This is a very solid game with no bugs immediately apparent. And while you’re standing in the city you’re likely to see tips on how to do things which may not seem obvious. It has quite a few short comings though. The English isn’t always the best, and there aren’t really any instructions on how to play beyond the basics of movement and combat. Though both of these do fit in with the retro theme they are also things that really aren’t tolerated anymore and don’t feel like they were done intentionally. The UI crowding gives the entire experience the feeling of being incomplete. There are several ways it could be streamlined to make it more attractive with the use of menus and chat tabs.
People looking for a modern browser based MMO experience will be sorely disappointed in Magic Barrage. But anyone looking for a solid retro gaming experience will find a long life playing Magic Barrage. And with several classes available there is some replay-ability to the game. The intense and constant barrage will keep you on the edge of your seat. This is not a game to play right before bed.
Magic Barrage has a pretty standard chat system that is mostly used for advertisements or people yelling out random inanities. Making friends is quite easy and you’re invited to make a friend in one of the very early quests. Best of all thanks to the UI you can actually see little images of your friends and of others when they’re nearby. This makes identifying and finding your friends so much easier. All MMOs with high populations should consider something like this. You can also see people who aren’t your friends in this little UI box. That way when you are out in secluded areas and there are people in range they’ll display. There are guilds and they seem to be a very popular feature with pages upon pages of them listed for you to pick which one you want.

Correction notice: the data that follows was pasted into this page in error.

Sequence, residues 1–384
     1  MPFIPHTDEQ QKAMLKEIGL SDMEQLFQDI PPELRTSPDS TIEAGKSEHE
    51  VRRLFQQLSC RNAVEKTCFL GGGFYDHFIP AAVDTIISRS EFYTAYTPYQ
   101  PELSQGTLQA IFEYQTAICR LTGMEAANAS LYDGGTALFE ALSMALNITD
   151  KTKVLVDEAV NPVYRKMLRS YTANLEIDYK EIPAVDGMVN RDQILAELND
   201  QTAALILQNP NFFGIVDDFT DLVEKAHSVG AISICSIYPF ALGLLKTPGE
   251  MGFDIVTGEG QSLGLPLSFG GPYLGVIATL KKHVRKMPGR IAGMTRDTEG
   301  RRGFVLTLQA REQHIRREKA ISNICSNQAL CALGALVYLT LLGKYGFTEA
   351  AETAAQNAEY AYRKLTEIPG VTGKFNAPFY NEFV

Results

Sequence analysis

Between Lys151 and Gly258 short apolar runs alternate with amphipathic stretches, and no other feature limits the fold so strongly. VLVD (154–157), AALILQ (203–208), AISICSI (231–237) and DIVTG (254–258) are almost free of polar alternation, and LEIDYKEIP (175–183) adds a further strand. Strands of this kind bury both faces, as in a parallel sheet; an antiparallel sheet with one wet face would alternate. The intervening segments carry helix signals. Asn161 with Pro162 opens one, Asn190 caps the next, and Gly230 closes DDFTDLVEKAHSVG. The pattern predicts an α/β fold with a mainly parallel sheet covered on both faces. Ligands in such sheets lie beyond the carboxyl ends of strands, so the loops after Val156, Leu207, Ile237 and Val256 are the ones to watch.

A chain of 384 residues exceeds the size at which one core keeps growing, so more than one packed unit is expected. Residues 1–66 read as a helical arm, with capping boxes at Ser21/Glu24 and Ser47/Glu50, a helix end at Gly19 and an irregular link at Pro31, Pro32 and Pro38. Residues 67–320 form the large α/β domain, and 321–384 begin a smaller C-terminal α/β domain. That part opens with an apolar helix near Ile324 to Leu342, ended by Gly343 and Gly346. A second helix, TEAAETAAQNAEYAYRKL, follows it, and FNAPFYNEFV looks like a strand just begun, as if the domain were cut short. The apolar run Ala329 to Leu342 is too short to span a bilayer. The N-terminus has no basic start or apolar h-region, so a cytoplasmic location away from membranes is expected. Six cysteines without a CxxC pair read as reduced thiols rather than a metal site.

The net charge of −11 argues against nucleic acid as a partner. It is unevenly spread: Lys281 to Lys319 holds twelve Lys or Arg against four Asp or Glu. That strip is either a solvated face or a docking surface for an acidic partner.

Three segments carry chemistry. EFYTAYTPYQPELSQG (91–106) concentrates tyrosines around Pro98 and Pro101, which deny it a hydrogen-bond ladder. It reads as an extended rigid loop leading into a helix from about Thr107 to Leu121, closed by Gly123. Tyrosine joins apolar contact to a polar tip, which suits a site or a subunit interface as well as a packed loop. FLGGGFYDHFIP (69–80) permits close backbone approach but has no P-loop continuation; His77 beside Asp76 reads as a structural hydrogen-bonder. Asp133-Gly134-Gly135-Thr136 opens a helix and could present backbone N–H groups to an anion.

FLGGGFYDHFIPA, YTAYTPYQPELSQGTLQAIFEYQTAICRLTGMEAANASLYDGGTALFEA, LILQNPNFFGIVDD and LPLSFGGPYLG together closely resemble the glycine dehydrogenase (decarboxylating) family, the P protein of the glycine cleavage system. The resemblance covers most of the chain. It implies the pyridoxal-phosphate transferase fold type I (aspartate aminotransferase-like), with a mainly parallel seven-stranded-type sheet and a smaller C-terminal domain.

You really get your money’s worth with this game. It is free to play and though there is a store and there are things that make gameplay somewhat better none of it is required and it doesn’t feel at all like a pay to win game. Players can easily go their entire gaming experience in Magic Barrage without ever spending a penny.
Everything about Magic Barrage takes you back in time to the early years of gaming. With catchy music, terrifying bosses and an intensity that is lacking in more modern games. If you approach it as a modern game you will be disappointed. And if you’re too young to remember the early days you might find it a bit old school. Perhaps a refreshing change of pace, or just strange. But take it as the homage to the era that it is and it becomes a well-crafted game that is well worth spending time in. Magic Barrage won’t be for everyone. But if you enjoy high intensity, edge of your seat gameplay, a challenge, or are even the type to laugh as your car goes wildly out of control in a racing game then you owe it to yourself to give this one a go.
| Accessible on any PC
| Few directions
No customization options
Poor English in spots